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log 06.29.17

Brooklyn


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Venice


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Surfing is lucky to have characters like Peter Schroff. Eccentric, complex, artistic, bold, and most importantly; different. In the surf world, the name Schroff is synonymous with the Echo Beach movement in the 80s. His colorful shortboards were a must have for any high performance surfer during that period. Everything from the board graphics to the print ads for the Schroff brand were drastically different from anything else in surfing at the time. Flash forward to present day; Peter is still marching to the beat of his own drum and very much an enigma. He moved from Newport Beach to Venice 31 years ago and works as a professional set designer and installation artist operating under his design studio, Superlove, but still finds time to create new unique board designs in his home shaping bay. Upon meeting this tall, quirky, sixty-something-year-old figure, you would never assume that he shaped some of the most iconic, progressive boards in modern surfing. His home is more like an art piece – or art exhibit (depending on your interpretation of the a-word). Each room in his front house has a different theme ranging from a medieval breakfast nook with antlers covering the ceiling, to a vibrant Hawaiiana dojo, to a Japanese geisha-like living room. Then in stark contrast, there’s his back house, a prototype of futuristic minimalism. Lengthy novels could be written about this man and even just his home, but for now we must settle on this brief interview.

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Chas Smith is a luminous figure in surfing, an adept journalist, and author. Born in San Jose, California in 1976, Smith’s family uprooted and landed in Coos Bay, Oregon where he learned to surf. After studying intercultural studies in undergrad, Smith graduated with a master’s in linguistics, going on to study in Egypt and at Oxford. Following a story he published in Australia Surfing Life about surfing in Yemen in the wake of 9/11, Smith went on to report in Lebanon, Somalia, Israel-Palestine, and wound up a captive of Hezbollah reporting for Current TV. In the early-aughts, Smith worked for Vice. Soon, he joined Stab magazine at the behest of Derek Rielly, then editor-in-chief, and they set in on an unparalleled era in surf journalism. Some of Stab’s more controversial content garnered unsavory public spats that earned Smith some anti-Semitic epithets, and then in 2014, Smith and Reilly began Beach Grit—a deep well of incendiary, tongue-in-cheek honesty drenched in satire, sans filter. He’s now a regular contributor to The Surfer’s Journal, with bylines at Esquire and Playboy, and the author of Paradise, Now Go to Hell, a cultural vignette of Oahu’s North Shore, which was a finalist for the PEN Center USA Award for Nonfiction.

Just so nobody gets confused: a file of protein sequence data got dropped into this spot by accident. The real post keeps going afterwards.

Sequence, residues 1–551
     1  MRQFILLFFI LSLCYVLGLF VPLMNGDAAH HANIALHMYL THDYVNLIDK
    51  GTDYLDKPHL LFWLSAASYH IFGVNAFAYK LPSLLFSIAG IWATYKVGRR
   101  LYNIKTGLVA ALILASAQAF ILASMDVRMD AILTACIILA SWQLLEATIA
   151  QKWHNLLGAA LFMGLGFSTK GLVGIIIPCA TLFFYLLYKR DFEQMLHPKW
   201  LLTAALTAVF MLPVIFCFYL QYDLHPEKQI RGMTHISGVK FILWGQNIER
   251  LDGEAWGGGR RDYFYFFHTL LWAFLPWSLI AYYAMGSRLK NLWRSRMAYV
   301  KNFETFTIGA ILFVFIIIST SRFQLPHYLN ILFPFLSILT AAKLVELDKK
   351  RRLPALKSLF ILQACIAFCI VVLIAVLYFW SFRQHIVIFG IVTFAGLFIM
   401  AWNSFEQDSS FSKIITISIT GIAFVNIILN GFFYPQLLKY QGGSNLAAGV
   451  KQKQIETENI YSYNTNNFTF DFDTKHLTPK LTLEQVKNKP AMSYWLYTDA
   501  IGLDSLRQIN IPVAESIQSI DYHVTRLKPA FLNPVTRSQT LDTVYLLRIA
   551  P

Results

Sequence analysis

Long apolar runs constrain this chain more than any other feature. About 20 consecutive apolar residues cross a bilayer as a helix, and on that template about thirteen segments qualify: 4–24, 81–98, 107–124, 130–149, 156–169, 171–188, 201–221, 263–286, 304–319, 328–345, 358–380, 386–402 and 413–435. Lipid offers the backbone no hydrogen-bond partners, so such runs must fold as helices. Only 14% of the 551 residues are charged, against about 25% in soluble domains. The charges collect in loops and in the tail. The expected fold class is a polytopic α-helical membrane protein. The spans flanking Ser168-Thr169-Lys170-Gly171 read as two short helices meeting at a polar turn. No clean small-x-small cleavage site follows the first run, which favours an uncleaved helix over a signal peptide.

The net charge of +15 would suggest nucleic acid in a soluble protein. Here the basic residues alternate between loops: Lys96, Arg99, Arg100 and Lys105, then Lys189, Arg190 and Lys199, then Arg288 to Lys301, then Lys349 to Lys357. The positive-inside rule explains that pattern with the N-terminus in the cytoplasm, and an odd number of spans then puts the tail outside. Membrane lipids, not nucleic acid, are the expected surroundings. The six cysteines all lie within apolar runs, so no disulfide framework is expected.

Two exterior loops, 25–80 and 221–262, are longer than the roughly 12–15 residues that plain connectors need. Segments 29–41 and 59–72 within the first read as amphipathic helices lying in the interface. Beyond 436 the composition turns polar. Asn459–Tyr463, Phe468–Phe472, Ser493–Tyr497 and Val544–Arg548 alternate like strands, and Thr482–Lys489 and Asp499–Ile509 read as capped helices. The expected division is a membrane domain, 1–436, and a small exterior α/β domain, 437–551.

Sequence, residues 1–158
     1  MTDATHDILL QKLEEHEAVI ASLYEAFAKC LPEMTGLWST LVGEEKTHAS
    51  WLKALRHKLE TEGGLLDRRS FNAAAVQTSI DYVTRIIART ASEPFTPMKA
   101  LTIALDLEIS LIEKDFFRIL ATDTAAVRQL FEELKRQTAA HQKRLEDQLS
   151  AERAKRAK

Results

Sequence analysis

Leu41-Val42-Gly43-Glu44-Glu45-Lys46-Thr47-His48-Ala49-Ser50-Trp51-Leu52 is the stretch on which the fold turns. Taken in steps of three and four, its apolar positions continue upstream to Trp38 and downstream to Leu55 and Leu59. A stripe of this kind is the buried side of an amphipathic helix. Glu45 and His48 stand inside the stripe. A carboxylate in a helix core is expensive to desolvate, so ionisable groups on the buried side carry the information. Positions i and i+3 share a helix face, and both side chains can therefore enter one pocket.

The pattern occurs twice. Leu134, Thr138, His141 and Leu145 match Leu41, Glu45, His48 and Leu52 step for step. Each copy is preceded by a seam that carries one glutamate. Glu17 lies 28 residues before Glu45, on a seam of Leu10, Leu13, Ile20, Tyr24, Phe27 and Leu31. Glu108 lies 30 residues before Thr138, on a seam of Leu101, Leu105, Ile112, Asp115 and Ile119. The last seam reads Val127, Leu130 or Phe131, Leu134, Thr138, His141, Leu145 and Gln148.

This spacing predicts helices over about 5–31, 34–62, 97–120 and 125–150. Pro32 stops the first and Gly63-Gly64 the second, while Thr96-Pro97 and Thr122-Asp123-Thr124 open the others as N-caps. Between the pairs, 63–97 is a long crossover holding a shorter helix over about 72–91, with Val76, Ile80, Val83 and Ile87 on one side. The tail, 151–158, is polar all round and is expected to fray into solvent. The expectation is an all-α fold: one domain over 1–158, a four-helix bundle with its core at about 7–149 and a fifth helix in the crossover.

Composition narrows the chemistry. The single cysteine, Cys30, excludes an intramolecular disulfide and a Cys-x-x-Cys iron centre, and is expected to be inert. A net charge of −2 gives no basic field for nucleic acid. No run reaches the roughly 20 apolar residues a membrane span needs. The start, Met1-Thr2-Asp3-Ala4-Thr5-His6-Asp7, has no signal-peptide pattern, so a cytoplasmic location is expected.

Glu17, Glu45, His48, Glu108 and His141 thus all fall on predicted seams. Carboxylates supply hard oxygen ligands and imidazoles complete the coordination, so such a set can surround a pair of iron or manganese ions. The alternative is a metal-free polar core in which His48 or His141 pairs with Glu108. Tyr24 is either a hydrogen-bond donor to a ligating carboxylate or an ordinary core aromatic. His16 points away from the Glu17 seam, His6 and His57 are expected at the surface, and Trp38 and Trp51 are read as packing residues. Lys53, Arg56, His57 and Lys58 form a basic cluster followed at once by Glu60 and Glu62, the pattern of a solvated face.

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After four years of documenting creative surfers and their homes in our Surf Shacks series, we finally made a book of the project, published by Gestalten. This called for a celebration in our own back yard. We could think of no better way to celebrate a book about “surf shacks” than to create an installation of one ourselves at the party. So we partnered with our friends at Red Dot Goods to help bring the vision to life with a curated selection of their vintage surf culture relics in the entryway of General Admission. There were street tacos, plenty of free beer from Sapporo, Tequila drinks from Jose Cuervo and refreshing coconut water thanks to Zico. And like any good party in Venice these days, there was an eclectic mix of hipsters, surfers, hipster surfers, vagrants, creative professionals, models, legends, skate rats, socialites, freeloaders, the cops (of course), nobodies, somebodies and everything in between drinking and having a good time together. Big thanks to everyone who made it out to celebrate with us, and especially those who contributed to the book in some way.